03/16/2013 11:47 am ET Updated Dec 06, 2017

To Hell and Back With Gifts

Click here to read an original op-ed from the TED speaker who inspired this post and watch the TEDTalk below.

Stacey Kramer happened upon a counterintuitive phenomenon. An excruciating struggle with a dreaded disease changed her life for the better! I would have been a skeptic had I not myself come upon this realization through a horrific ordeal. During house renovations I suffered severe exposure to toxic chemicals that resulted in catastrophic illness. The medical establishment had no clear diagnosis or treatment and I had no place for recovery because I could not live in my house. All the elements that rooted me in life and gave me a sense of identity were torn away, and I descended into hell. Yet, about a year later, I returned from exile beyond the mountains of darkness with the feeling that my life had been positively transformed.

I decided to look at this bizarre occurrence in my research. Could it be that after encounters with traumatic events people feel that they are better off? Luckily, it was the mid-1990s, and Rich Tedeschi and Lawrence Calhoun had just coined the term post-traumatic growth (PTG) and developed a model about the process. The myth of the hero who returns from a supreme ordeal transformed and bearing gifts and the age-old idea that suffering may have its rewards became the subject of intense scientific exploration.

I ended up studying PTG in women with breast cancer and their husbands. My work, and the work of many others, provided ample evidence that a large proportion of people who struggled with potentially traumatic events such as life-threatening illness, military combat and natural disasters report positive changes. Like Stacey, women survivors of breast cancer often said that cancer was the worst and the best thing that ever happened to them. Many of their husbands reported PTG as well. Studies have found that PTG is experienced by survivors' family members and care providers who share both the pain and the potential for gain. Moreover, PTG is a universal phenomenon that has been documented around the globe. Examples include PTG among survivors of earthquakes in Turkey and Japan as well as survivors of terrorism, imprisonment and war experiences in the Middle East and Europe.

As a husband of a breast cancer survivor attested, you learn "to live life like there is no tomorrow, but hope there is, because the threat of death brings you closer to life." -- Tzipi Weiss

As Stacey identified, the trigger for the process that yields PTG is a severe stressor event that is unexpected, unwanted and uncertain. During my illness I wondered: How does one live a broken life, in a tortured body, without a future? She also identifies the domains of transformation: Changes in the sense of self, relating to others and philosophy of life. In the aftermath of a struggle with highly stressful events, individuals may see themselves as stronger and more vital. They may be more sensitive to the suffering of others and more willing to invest in relationships. They may have a greater appreciation of life and a much deeper spiritual or religious perspective. As a husband of a breast cancer survivor attested, you learn "to live life like there is no tomorrow, but hope there is, because the threat of death brings you closer to life." Survivors can learn to avoid worrying about the small stuff and attend to the awe and wonder all around us.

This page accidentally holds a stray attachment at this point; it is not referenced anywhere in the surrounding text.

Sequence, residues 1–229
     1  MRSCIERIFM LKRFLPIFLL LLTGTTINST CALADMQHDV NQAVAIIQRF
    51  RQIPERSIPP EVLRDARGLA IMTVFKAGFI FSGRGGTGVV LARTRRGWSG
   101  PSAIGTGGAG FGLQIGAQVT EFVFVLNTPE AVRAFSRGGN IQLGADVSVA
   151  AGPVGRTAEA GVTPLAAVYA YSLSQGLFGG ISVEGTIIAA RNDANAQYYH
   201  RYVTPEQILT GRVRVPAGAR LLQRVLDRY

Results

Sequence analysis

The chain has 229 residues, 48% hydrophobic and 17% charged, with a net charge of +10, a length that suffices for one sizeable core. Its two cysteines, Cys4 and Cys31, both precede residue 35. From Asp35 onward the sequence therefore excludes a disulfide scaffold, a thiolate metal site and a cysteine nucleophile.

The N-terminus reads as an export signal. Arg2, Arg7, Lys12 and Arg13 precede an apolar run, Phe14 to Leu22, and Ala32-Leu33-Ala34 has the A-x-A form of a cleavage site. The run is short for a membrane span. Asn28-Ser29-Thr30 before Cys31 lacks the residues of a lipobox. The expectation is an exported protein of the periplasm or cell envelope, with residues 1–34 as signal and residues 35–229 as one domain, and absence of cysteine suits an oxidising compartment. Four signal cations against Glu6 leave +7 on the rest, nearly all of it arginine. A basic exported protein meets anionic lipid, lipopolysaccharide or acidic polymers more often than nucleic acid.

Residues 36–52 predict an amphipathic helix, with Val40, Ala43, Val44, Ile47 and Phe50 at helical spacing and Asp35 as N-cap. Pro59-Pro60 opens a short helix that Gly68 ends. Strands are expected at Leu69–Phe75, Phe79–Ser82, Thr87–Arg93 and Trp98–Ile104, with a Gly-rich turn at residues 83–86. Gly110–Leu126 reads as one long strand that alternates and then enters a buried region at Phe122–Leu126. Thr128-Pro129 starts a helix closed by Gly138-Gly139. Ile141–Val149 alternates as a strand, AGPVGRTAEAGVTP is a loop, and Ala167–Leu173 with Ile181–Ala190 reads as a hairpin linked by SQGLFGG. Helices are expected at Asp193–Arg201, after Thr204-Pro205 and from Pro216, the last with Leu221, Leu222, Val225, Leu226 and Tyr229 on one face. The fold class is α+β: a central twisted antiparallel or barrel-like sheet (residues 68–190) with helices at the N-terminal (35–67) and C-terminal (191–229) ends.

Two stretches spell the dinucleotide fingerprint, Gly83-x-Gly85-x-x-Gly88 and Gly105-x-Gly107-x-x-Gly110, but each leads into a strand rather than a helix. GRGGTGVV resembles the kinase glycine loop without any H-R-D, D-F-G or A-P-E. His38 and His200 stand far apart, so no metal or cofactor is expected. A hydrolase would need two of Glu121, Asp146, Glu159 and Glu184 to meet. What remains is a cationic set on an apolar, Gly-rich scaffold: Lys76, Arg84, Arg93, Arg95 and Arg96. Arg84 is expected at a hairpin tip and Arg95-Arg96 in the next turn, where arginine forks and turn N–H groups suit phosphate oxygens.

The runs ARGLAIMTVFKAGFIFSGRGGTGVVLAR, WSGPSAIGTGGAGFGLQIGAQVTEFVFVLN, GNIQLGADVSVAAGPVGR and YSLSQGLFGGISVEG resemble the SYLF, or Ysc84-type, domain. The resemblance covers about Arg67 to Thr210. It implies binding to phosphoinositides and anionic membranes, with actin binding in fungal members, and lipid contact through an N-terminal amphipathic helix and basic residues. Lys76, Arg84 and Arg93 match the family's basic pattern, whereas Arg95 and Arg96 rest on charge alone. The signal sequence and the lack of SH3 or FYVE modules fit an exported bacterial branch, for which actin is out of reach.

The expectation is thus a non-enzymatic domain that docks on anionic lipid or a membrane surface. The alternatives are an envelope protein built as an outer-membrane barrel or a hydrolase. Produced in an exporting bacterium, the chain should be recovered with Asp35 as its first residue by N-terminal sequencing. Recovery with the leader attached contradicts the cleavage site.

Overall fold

But how does this dramatic transformation happen? PTG is the result of a long, arduous and painful searching process. When a traumatic experience challenges individuals' basic assumptions about life and throws them into an existential crisis, they engage in what Stacey calls "recalibrating what is important in life." As life is interrupted, survivors search for meaning and new goals. Individual and social context characteristics may facilitate or inhibit this search. For example, individuals who employ active and problem-focused coping strategies are more likely to develop PTG. Coping by avoidance and the denial of loss and suffering tends to inhibit PTG. It is through oscillating between hope and despair and facing the deep terror of our vulnerability in rumination, talking or writing that we may also come to see our strengths. Experiencing positive emotions also facilitates PTG -- distilling a few drops of joy from an ocean of misery, finding moments of love among the grief and uncertainty.

The cognitive-emotional processing of traumatic events is facilitated when the social context provides survivors opportunities to disclose their pain and suffering and offers role models. In my research, the best predictor of PTG was contact with another breast cancer survivor who perceived benefits from the struggle. Inspiration for growth may be found in novels, biographies, mythology, existential writings, nature, movies and art. When living without a script, the stories that one is exposed to play a powerful role in the narrative reconstruction associated with PTG. Thus, Stacy's story of emerging from the underworld with gifts has the potential to transform lives.

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